Last month, the world lost one of the most influential actors in Cold War, Middle Eastern and US/China relations. The EastWest Institute lost a fantastic leader. A family lost a cherished loved one. And, selfishly, I lost a mentor and a man that I admired for his breadth of understanding, willingness to learn and commitment to the future. John Mroz trod a humble path in his extraordinary commitment to making progress without ever taking credit for himself. As I reflect the example he set, I urge the world’s leadership to follow in his footsteps if we are to have any chance of achieving sustainability without substantial systems collapse.
Most of John’s work involved seeking peaceful solutions to complex problems. He was a trusted go-between for governments and societal actors in trying to achieve collective positive outcomes. While brilliant in many ways, his true genius was in knowing just the right time and place to nudge processes so they didn’t stall.
Recently, he and the EastWest Institute expanded their investigations to include understanding the societal characteristics that generate insecurity. Their work, in collaboration with others, on understanding and managing the nexus between water, food, energy and security has made great progress towards defining this issue in human terms. By demonstrating that the fate of society and the economy is intricately linked to the success of these natural systems, it becomes possible to seek solutions that optimize conditions for human development rather than create a barrier to progress.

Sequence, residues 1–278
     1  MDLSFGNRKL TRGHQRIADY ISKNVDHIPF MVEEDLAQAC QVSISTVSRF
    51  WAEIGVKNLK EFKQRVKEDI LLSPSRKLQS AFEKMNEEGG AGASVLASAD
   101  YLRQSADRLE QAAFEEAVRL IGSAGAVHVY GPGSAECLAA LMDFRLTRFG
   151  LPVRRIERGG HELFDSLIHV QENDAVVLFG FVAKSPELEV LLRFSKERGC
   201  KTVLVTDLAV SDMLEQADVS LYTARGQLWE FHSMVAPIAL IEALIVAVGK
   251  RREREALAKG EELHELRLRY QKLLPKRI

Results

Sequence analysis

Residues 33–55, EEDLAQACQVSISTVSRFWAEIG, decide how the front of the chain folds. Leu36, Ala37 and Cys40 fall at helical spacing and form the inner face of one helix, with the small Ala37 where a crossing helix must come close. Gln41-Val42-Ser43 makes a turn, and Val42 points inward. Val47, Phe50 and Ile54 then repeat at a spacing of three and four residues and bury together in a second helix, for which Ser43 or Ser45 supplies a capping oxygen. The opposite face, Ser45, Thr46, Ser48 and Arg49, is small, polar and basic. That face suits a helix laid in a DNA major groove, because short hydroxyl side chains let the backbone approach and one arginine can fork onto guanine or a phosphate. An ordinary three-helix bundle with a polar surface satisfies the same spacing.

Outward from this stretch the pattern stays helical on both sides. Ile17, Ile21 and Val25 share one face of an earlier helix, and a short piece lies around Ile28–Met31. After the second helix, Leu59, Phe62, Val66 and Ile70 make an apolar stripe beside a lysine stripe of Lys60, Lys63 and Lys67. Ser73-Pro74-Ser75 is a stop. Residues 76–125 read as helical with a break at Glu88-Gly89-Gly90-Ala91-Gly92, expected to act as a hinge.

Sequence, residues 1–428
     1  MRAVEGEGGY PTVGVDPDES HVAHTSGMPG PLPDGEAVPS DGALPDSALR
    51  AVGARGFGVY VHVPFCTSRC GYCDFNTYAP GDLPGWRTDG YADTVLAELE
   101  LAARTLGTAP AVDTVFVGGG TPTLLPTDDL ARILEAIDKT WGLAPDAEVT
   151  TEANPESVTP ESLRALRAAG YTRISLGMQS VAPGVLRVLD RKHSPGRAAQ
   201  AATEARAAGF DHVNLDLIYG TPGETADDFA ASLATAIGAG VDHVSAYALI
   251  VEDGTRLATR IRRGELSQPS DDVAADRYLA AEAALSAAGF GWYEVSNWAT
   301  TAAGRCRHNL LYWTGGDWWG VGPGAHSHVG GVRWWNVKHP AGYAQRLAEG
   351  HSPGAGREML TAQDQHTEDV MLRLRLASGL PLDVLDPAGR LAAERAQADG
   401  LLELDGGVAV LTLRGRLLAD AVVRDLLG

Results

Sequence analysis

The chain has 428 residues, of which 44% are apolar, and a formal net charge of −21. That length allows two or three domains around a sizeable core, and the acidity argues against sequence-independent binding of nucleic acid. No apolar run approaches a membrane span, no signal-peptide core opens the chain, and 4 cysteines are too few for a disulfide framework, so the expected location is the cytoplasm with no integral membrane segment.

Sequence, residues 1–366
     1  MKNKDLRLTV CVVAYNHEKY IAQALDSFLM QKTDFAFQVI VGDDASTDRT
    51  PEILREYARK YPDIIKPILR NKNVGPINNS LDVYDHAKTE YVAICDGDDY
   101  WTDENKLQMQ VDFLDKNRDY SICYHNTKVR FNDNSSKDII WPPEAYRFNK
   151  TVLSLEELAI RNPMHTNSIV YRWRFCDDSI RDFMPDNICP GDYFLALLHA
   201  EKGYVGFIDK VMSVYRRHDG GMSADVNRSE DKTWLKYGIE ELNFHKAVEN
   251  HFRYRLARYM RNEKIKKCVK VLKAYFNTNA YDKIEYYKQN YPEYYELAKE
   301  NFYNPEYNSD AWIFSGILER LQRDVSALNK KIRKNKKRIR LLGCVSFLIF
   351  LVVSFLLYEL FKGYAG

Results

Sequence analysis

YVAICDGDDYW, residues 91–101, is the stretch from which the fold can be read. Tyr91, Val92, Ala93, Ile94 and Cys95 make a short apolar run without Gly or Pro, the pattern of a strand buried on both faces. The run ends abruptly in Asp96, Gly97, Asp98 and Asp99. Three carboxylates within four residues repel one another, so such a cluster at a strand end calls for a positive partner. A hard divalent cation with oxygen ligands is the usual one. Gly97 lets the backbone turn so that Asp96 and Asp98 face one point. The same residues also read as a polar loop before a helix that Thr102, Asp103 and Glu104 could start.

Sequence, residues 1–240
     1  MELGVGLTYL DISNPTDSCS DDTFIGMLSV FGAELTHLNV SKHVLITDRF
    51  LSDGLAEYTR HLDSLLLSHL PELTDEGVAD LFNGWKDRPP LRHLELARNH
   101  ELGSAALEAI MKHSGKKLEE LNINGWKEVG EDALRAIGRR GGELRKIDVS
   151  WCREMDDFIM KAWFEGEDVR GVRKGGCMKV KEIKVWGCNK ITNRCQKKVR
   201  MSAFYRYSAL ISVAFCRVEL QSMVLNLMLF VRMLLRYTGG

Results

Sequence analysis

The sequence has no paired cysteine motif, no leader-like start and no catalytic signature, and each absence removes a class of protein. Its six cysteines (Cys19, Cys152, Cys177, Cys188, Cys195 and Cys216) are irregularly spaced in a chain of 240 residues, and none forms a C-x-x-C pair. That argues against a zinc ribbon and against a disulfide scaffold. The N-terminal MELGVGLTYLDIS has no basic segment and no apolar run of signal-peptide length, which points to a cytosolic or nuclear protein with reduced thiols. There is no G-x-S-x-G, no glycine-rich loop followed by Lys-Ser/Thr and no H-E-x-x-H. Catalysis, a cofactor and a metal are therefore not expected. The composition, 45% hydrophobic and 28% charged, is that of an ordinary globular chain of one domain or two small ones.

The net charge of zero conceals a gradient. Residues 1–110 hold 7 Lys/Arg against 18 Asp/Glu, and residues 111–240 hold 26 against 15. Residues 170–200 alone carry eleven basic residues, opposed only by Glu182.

John was certain about only one thing — there is no certainty when we are talking about the future. The lack of humility — the need to be right — evinced by too many of us responsible for creating and developing our built environment makes it impossible to engage in the dialogue necessary to balance and manage the variables associated with today’s complex problems. Our biases vex us continuously and cause us to oppose others without really understanding their point of view. John showed us that with patience and humility we can find an acceptable balance between technical feasibility, economic viability and the political authority necessary to act.
Most of you will not know or even have heard of John Mroz, yet he was a great man. My biggest concern for sustainability, climate impacts and the political theater of denial is that he was also a necessary man. The skills that he possessed — knowing, nudging, including and enabling — are for the most part entirely missing from the process of solving sustainability problems. Without these skills, we will continue to discuss and try to solve the attributes of today’s complex problems without ever treating the root cause. The consequences of this failure are unlikely to be pleasant.